Great Britain's Gee Atherton (Animal Commencal)
Photo ©: Frank Bodenmuller
(Click for larger image)

British rider Gee Atherton (Animal Commencal) made the most of his rivals' misfortune to take an impressive victory in the men's 4X final. Atherton was able to stay upright while his competitors crashed in front of 20,000 spectators. His win gave his siblings something to celebrate after sister Rachel Atherton broke her arm during a downhill practice run.

The new four cross circuit set the stage for a high-speed event. "The circuit is very fast and, because of that, there were too many falls," said winner Atherton. "To gain, I took advantage of Michal Prokop's error in the final."

Czech rider Prokop ended any hopes he held of winning the event after a spectacular fall when he miscalculated a jump. He wasn't the only lead rider to bite the dust, with American Brian Lopes also feeling gravity's effect in full force in a spectacular multi-rider tumble. The duo recovered to finish third and second respectively.

"I jumped too long and I could not control the fall," explained Prokop of his incident.

Women on the podium celebrate.
Photo ©: Maria Muina
(Click for larger image)

Dutchwoman Anneke Beerten won a game of cat and mouse with current World champion, American Jill Kinter, who was constant in her attacks on Beerten throughout the race, but simply couldn't get by her rival.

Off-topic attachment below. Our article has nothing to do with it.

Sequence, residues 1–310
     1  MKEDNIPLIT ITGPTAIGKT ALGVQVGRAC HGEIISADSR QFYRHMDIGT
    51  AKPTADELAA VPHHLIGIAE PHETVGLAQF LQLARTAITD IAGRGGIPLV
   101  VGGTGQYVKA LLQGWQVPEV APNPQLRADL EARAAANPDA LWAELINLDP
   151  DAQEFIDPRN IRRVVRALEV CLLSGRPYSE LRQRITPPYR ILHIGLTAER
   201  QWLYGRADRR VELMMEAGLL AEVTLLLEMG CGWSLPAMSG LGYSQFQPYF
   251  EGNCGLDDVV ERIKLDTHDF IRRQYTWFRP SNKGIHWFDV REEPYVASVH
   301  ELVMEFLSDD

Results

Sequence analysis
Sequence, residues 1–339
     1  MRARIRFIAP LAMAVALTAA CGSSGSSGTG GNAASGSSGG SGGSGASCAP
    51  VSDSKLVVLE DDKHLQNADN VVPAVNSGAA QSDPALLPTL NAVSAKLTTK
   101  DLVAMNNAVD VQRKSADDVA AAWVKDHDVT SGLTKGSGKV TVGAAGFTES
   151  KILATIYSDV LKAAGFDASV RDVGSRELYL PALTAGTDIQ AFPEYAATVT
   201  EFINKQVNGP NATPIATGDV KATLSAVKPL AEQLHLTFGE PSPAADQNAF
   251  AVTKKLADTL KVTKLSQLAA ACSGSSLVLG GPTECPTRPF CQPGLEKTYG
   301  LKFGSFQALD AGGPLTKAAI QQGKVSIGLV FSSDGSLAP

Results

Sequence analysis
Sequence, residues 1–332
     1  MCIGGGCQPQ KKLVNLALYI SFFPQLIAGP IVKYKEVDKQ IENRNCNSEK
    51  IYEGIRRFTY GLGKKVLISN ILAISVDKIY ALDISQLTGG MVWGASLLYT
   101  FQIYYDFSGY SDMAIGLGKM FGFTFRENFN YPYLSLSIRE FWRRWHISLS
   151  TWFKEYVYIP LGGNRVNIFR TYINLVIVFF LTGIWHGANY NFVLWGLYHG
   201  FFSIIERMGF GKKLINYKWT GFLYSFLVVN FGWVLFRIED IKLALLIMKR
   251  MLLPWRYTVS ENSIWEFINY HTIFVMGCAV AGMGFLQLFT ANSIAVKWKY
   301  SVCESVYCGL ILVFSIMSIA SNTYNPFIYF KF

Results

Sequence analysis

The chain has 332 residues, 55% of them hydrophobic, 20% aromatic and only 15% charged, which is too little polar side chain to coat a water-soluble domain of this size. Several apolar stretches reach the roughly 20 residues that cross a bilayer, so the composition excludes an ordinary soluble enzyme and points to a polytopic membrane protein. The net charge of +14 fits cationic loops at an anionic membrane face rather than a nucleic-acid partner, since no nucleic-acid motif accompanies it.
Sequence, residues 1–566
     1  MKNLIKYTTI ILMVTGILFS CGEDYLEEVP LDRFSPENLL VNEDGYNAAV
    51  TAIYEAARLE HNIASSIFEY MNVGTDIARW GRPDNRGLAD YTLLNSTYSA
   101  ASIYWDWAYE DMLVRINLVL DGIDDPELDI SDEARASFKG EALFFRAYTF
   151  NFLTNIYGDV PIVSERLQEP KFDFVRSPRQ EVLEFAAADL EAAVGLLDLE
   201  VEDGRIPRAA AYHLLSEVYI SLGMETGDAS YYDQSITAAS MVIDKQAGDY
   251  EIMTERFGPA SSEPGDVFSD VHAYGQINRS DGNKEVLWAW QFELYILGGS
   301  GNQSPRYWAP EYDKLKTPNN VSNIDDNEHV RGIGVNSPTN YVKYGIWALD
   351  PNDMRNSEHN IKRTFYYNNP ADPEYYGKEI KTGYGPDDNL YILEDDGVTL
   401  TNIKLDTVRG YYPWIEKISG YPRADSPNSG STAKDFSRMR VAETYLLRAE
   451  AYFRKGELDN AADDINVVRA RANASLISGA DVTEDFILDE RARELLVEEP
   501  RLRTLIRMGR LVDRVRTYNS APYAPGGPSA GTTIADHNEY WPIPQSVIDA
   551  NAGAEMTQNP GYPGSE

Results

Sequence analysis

"I am very pleased" said Beerten after the win. "I have ridden well all weekend and I love the environment this event is held in. I had a very good exit and then I just enjoyed the rhythm."

Beerten jumped into the top spot by the first turn and kept her lead until the finish. Kinter was disappointed with the finale after she had qualified fastest.

Eva Castro Fernandez, the highest placed Spanish rider, finished third in the final, marking her first trip to the World Cup podium.

See complete coverage of the elite men's and elite women's 4X World Cup event.

Race Face racers hold top three in Qash Qai series

After two rounds of the Qash Qai Urban Challenge, three Race Face riders hold the lead in the series: Paul Basagoitia, Darren Berrecloth, and Andreu Lacondeguy.

The Qash Qai events challenge fifteen of the world's top urban freeriders to take on five European cities over five weekends. They are competing for the biggest-ever prize money in the sport as part of the first-ever multi-freeride tour of its kind. Each of the five competitions highlights a different mountain bike discipline, and the winner will pocket 100,000 Euros.

Berrecloth and Basagoitia took the first round in front of 10,000 spectators at the inaugural Qash Qai event in Newcastle, UK on May 5. The Newcastle event focused on North Shore-style riding. 20 year-old Red Bull rider Kyle Strait finished third.

Of his Newcastle ride, Strait said, "I barely qualified for this one. I finished 12th in the first round of qualifying, and only 12 went through so I was lucky. I basically went into qualifying hoping to do enough to get in but without showing my hand too much. That was too close. In the first final I put in a strong run, but in the second final, I decided to do a backflip to a step-up which I hadn't done before, and I think that really pushed me up in the judges' eyes".